*Online Audio in which Brian Auten interviews Tim McGrew: They begin discussing Ehrman’s book Forged at about 12:15 and quickly move to discussion of the authenticity of the pastorals: http://www.apologetics315.com/2011/05/apologist-interview-tim-mcgrew.html
*Online table showing the use of the New Testament by early church fathers and heretics: http://www.ntcanon.org/table.shtml
*Ehrman, Bart D. (2011-03-22). Forged: Writing in the Name of God–Why the Bible’s Authors Are Not Who We Think They Are. Harper Collins, Inc.. Kindle Edition.
-The book which has had the most success at bringing this erroneous idea to the minds of the
*Harrison, P.N. The Problem of the Pastoral Epistles (London: Oxford University Press, 1921).
-Probably the most important work in the history of casting doubt on the authenticity of the pastoral letters. See especially pp.20ff, 70. This work is now in the public domain and can be downloaded for free here: http://archive.org/details/problemofpastora00harruoft
*Dialogue about Bart Ehrman’s book “Forged” between Ehrman and Darrel Bock on Unbelievable: http://www.youtube.com/watch?v=uXSVRkKD3FM
OTHER REFERENCES RECOMMENDED BY CAA MEMBERS:
*An index to Ben Witherington’s series of reviews of Bart Ehrman’s book _Forged_: http://highmileagehermeneutics.blogspot.com/2011/04/ben-witherington-reviews-bart-ehrmans.html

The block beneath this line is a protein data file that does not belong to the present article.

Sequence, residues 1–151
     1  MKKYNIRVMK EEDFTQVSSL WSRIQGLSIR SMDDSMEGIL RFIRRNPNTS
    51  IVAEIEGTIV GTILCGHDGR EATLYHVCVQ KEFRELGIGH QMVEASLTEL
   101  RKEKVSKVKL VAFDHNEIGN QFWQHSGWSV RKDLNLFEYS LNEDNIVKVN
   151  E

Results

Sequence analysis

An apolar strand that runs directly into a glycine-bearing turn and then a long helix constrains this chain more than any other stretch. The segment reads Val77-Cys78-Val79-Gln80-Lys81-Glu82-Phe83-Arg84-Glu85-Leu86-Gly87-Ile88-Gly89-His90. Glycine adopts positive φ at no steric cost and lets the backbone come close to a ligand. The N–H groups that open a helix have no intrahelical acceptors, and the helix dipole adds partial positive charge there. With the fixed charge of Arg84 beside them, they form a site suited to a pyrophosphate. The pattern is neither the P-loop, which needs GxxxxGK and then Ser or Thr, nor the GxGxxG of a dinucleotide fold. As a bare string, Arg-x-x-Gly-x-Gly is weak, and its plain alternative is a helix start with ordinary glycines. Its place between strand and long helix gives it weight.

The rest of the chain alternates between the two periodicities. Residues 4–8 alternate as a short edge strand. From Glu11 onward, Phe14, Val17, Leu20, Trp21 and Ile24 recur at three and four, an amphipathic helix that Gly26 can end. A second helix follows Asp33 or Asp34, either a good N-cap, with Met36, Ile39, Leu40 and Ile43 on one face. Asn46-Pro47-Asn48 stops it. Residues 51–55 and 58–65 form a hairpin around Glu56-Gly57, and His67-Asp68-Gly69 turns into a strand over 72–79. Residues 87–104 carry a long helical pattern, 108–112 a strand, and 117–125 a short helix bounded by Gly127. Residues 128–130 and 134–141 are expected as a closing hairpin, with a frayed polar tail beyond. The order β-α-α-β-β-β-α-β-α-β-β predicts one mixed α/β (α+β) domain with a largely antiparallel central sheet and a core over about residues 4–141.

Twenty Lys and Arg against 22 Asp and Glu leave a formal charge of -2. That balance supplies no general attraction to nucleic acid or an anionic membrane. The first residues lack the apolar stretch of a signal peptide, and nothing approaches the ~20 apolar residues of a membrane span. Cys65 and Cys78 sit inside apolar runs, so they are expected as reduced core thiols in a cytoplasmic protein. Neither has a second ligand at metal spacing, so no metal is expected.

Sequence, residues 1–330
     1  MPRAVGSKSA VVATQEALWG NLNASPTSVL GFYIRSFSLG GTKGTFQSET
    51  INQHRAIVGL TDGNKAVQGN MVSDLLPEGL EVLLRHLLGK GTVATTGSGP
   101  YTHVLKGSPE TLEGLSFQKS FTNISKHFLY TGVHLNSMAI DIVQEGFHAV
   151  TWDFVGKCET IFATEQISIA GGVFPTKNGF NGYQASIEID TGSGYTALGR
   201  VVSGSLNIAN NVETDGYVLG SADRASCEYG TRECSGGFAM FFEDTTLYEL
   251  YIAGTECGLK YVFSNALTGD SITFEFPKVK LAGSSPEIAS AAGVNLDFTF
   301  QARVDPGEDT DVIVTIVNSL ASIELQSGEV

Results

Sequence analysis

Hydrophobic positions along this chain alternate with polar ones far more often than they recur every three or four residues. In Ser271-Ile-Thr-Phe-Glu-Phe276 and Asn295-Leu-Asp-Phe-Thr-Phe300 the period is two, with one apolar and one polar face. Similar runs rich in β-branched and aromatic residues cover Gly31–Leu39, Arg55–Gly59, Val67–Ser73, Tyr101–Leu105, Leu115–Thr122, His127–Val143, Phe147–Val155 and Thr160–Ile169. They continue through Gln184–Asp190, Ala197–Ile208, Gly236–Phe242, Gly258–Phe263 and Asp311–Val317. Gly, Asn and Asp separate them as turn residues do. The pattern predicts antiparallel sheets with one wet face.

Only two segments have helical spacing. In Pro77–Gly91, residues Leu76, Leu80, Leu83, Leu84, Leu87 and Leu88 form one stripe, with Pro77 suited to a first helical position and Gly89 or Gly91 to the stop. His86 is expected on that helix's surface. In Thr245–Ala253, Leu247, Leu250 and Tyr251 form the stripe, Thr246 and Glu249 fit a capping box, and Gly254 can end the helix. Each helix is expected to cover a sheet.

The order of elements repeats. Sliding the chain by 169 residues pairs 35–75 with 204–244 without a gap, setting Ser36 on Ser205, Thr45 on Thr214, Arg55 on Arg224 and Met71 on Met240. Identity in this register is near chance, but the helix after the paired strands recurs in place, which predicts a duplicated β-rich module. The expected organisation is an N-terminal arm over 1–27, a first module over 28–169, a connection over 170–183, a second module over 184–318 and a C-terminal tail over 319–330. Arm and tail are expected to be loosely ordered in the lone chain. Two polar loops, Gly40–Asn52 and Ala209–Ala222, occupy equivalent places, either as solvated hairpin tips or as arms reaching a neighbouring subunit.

*Mike Licona’s review of Bart Ehrman’s book _Forged_: http://www.4truth.net/fourtruthcb.aspx?id=8589998523
(You have to click the link, then it downloads as a pdf.)
*Tektonics online article: http://www.tektonics.org/ntdocdef/pastorals.html
*Thomas D. Lea and David Alan Black, The New Testament : Its Background and Message, 2nd ed. (Nashville, Tenn.: Broadman & Holman Publishers, 2003), 466.
*Gundry, Robert. A Survey of the New Testament, 4th Edition. (Grand Rapids: Zondervan, 2003)
Brad Cooper is a pastor and apologist with more than 30 years of experience teaching the Bible and apologetics. His passion is to see God’s people grow stronger as their faith is firmly grounded and they grow deeper in their understanding of God’s Word. His teaching focuses on the New Testament, the cumulative case for Christian faith, and various apologetics issues related to the New Testament–including the integrity of the New Testament canon.
Brad is available to speak at events in northern Indiana and southern Michigan.
He earned a B.A. in Bible and Pastoral Ministry from Taylor University, Fort Wayne and an M.Div. from United Theological Seminary in Dayton, Ohio. He is a moderator for the Christian Apologetics Alliance Facebook group and blogs at “To Be Sure.” He has pastored several churches over the years but is currently taking a break from pastoral ministry. Brad, his wife Jodi, and his daughters Samantha and Becca are currently attending the Ligonier Church of Christ.